In this period when many people feel lonely, we need to pay attention to some aspects of our life
Isolation. Quarantine. Spacing. Words that have somehow entered our everyday vocabulary, and with good reason, since they are fundamental weapons to curb the spread of the Sars-CoV-2 virus, responsible for Covid-19, obviously together with masks and careful hygiene. . But there is no doubt that in this period, and beyond, there are people who feel lonely.
Who is most at risk of loneliness, even when – we hope as soon as possible – we will be able to better control the virus? An answer comes from a research that appeared in the Journal of Clinical Psychiatry, which shows how at a young age and again between 40 and 50 years there are "peaks" to be kept under control on the psychological front.
Beware of sleep patterns and social media
The study was conducted by researchers from the University of California at San Diego, who examined data on nearly 3,000 people who were interviewed via the web and aged between 20 and 69. According to the results, the risk of feeling alone would be above all young people who begin life and subjects between 40 and 50 years, while strangely, the risks would be lower between 60 and 70 years.
Obviously, in the face of this very general picture, there are precise risk factors that must be taken into account and clearly emerge from the survey. First of all, personal characteristics matter, regardless of age: having a limited social network, struggling to establish a relationship with others and not having a partner affects a lot the risk of developing loneliness, but there are other aspects that must be considered : for example sleep disorders.
The study shows that having heavy alterations in both quantitative and qualitative sense, or having frequent nocturnal awakenings or having difficulty falling asleep, would correlate with a greater risk of feeling alone in all ages. On the choice front, the survey shows that the perception of having a poor social role and obviously a strong anxious component tend to be associated with a heavier feeling of loneliness at all ages.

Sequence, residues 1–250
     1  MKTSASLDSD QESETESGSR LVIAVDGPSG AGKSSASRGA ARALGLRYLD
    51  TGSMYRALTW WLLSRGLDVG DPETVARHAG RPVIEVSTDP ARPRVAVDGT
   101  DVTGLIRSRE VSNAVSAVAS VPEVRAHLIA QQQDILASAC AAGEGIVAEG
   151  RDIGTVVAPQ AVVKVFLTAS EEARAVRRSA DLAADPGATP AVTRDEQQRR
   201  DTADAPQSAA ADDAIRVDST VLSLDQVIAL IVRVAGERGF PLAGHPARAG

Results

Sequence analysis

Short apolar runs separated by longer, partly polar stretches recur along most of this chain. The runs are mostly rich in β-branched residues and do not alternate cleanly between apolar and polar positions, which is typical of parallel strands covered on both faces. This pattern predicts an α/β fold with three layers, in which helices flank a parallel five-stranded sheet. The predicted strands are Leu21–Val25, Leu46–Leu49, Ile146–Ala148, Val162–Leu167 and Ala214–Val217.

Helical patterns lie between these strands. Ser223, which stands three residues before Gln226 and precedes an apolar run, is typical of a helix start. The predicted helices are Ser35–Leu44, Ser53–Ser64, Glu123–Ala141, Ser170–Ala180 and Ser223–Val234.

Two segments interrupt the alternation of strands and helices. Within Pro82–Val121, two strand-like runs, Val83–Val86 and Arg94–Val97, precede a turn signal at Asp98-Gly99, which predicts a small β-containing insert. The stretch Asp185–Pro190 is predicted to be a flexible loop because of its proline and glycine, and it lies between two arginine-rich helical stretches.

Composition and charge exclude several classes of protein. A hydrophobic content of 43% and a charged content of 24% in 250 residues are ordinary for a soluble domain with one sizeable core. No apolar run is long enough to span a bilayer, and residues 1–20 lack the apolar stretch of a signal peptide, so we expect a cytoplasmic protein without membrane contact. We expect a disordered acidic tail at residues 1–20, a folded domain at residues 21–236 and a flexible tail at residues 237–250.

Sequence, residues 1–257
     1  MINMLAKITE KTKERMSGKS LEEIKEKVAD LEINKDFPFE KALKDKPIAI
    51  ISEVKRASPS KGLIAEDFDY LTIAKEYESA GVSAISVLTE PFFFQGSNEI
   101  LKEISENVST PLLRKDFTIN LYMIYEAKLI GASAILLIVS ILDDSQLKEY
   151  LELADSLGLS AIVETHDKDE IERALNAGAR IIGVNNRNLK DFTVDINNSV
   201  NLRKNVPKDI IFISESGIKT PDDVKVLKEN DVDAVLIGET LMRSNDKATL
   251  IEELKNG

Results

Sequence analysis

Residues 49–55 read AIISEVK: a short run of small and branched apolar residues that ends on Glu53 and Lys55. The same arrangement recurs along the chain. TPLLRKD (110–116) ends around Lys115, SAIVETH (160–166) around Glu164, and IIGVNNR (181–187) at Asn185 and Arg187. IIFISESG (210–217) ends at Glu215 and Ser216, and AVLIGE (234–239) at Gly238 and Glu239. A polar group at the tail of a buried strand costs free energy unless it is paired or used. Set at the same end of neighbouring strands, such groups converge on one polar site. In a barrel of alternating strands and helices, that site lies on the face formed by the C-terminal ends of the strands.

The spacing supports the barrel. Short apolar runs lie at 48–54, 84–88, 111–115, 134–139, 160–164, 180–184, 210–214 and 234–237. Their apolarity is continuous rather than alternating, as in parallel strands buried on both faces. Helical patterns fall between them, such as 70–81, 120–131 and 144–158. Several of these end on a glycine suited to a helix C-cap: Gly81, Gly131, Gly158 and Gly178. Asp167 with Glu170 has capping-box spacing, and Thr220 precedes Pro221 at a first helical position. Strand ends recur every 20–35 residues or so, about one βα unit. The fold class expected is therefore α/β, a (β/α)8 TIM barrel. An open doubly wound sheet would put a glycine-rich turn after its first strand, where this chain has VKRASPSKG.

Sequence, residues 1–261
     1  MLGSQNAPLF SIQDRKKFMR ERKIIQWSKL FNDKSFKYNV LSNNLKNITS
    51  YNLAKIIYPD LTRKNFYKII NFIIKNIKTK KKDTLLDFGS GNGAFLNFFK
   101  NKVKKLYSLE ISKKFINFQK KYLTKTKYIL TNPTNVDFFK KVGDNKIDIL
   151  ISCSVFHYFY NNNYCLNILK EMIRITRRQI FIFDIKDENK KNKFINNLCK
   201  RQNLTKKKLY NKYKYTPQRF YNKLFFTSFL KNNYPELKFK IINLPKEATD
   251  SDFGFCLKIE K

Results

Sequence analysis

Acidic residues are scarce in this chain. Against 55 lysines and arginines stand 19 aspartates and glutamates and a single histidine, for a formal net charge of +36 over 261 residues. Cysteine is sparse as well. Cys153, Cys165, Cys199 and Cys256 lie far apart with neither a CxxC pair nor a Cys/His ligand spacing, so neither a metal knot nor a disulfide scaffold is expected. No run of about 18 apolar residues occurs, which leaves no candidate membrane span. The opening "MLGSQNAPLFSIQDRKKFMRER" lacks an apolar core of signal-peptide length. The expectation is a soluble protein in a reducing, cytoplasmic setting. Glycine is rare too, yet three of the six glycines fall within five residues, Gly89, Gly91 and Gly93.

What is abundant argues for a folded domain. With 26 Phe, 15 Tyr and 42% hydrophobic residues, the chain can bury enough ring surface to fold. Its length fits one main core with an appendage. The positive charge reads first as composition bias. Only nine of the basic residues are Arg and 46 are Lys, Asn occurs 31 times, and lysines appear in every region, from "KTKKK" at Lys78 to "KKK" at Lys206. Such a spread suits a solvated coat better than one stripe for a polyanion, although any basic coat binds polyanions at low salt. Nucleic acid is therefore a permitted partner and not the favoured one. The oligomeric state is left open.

Finally, for young people, we need to consider an aspect that has come to the fore in recent years, with the spread of social media. According to what the authors of the study report, in fact, many people between the ages of 20 and 30 tend to "evaluate" their status towards others based on the number of "likes" and "followers" they manage to have, evaluating hence one's social status also based on this. Unfortunately, if there is no recognition expected in this sense, a series of situations are encountered which, in some way, make it more difficult to have the right perception of oneself and therefore tend to isolate people, facilitating the onset. of loneliness.
The impact of Covid-19
The US survey did not examine what happens in times of pandemics, but it is obvious that this situation can still exacerbate the perception of loneliness of many people. On the psychological front, the important thing would be to "share" the choices that lead to staying at home, otherwise other risks may arise, as recently reported in the Lancet magazine: a team from King's College London has examined several studies on the subject , pointing out how the period we are experiencing risks opening the way to a negative impact on the psychic well-being of the subjects.
According to the study, the feelings that can dominate in this phase are above all anger and confusion, linked in particular to the fear of infection, lack of information, the fear of losing economic stability. Possible countermeasures? Stay informed and participate, perhaps even at a distance, with what is happening.
It is necessary to find the right means while maintaining the right amount of fear but without falling into the risk of infodemics. In the most fragile people, the excess of often conflicting information favors the onset of anxiety and depression, thus expanding the perception of isolation.